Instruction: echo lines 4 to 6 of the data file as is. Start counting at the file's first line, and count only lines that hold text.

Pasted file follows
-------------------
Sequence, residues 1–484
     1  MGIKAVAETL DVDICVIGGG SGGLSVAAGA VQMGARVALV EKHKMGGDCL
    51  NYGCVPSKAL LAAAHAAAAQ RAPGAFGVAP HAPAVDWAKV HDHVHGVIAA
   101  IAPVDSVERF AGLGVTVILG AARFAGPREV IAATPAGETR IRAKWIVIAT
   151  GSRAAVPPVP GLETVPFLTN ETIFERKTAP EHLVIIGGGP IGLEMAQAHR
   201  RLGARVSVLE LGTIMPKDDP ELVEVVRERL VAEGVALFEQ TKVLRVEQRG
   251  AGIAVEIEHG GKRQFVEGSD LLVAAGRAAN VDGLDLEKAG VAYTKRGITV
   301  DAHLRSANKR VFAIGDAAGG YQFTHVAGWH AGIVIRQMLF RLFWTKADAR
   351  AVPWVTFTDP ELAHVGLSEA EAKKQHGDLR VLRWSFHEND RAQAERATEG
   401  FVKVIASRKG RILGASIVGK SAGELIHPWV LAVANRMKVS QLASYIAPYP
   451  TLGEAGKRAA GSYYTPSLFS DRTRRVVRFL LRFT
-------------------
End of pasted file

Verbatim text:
   101  IAPVDSVERF AGLGVTVILG AARFAGPREV IAATPAGETR IRAKWIVIAT
   151  GSRAAVPPVP GLETVPFLTN ETIFERKTAP EHLVIIGGGP IGLEMAQAHR
   201  RLGARVSVLE LGTIMPKDDP ELVEVVRERL VAEGVALFEQ TKVLRVEQRG